2009-02-23 Edward Jung Lecture

Edward Jung

Murray Visiting Professor
Dept. of Computer Science at Rutgers University
Monday, February 23, 2009
OLB classroom 105, 4pm

Information Security: Is this a good field to study?

Historically, the need for security goes back to almost 4000 years ago, B.C. 2000. However, it was during World War II when many modern security solutions were developed. The target application was primarily the war-related events. More recently, in the late ‘70s, the application of the modern security solution into the commercial realm became a reality with the advent of a security concept and technology known as “public-key cryptography”. For instance, the e-commerce application such as Internet banking was built based on this model. As we enter society in the 21st century, new reliable services are and will be in demand (in both public and private sectors); it will be worthwhile to review and discuss the current status and future prospects on the work of information security.

In this talk, we will start with reviewing historical perspectives on information security. Two fundamental human activities, i.e., various types of attacks and their counter-measures, will be studied in order to understand the risks involved in our daily life. Some of the topics include technical issues such as wireless security and mobile anti-virus protection, as well as social issues such as privacy (e.g., location privacy) and identity theft. Then, a list of practical applications and industry sectors where information security plays an important role will be presented. Finally, a list of potential undergraduate research topics will be briefly introduced. The primary goal of this talk is to provide undergraduate students with minimum technical background on this area with the opportunity to learn (‘feel’) this interesting field of study.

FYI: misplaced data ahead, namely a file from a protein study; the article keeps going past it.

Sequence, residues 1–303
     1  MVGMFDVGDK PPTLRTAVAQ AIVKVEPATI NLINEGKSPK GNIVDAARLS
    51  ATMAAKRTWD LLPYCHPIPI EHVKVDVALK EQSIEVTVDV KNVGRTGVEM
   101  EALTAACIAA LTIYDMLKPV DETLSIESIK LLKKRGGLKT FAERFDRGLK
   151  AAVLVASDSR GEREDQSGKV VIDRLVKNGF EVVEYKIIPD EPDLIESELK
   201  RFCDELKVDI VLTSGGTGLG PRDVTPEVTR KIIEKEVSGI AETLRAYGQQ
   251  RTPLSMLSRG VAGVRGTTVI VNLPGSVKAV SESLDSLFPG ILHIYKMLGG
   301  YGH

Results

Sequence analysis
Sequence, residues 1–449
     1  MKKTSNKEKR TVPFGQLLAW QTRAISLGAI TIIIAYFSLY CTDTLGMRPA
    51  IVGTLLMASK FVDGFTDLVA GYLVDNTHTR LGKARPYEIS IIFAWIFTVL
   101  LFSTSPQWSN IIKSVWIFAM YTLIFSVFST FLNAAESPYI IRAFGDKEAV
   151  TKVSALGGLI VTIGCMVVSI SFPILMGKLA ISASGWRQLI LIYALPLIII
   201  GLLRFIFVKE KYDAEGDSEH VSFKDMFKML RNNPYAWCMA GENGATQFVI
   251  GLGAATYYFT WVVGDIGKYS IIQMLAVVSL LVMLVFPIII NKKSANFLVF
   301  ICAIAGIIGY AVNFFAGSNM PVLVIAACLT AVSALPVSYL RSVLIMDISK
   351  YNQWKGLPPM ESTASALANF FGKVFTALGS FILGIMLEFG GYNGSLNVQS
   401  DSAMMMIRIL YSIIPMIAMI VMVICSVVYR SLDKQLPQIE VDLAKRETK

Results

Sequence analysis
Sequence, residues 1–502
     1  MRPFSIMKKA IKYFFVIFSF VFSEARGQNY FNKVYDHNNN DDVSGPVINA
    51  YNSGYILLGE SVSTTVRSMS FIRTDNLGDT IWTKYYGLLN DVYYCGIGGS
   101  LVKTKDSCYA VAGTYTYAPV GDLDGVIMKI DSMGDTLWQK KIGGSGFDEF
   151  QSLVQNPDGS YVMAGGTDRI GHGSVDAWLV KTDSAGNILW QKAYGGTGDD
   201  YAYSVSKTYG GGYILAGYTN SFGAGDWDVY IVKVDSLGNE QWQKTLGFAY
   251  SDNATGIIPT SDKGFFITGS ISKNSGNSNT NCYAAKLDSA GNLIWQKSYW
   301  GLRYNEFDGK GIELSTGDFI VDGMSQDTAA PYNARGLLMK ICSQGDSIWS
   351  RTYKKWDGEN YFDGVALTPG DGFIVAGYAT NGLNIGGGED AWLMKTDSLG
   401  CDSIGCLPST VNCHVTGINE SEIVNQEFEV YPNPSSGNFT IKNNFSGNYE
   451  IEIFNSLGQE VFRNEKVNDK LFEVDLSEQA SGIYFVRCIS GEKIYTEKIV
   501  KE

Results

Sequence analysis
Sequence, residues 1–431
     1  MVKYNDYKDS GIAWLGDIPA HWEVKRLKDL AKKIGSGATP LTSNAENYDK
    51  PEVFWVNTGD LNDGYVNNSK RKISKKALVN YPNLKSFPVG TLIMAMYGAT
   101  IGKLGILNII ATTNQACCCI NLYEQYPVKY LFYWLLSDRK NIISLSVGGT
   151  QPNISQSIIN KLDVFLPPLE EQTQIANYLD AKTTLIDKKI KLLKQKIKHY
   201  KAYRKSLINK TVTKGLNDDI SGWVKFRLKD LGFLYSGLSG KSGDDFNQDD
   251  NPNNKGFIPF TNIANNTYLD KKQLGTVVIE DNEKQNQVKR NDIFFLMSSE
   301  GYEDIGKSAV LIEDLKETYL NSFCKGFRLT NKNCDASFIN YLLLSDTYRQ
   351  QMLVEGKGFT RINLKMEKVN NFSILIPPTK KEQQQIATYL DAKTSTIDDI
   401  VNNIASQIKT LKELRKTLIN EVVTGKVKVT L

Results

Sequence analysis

Edward Jung is a Murray Visiting Professor in the Dept. of Computer Science at Rutgers University. His current research interest is in secure and reliable computing and networking with an emphasis on enhancing trustworthiness of mobile computing and wireless networks. From 1997 until 2003, he was a member of Technical Staff at Bell Labs, where he conducted research work in the areas of wireless data networks and network security. From 2003 until 2007, he worked on information security at Samsung Research, where he was director of the research group. He has co-authored about 30 technical publications and holds 60 US/international patents on these topics. He received an undergraduate degree (B.S. with Distinction) and a Ph.D. in Computer Science from University of Minnesota, Minneapolis.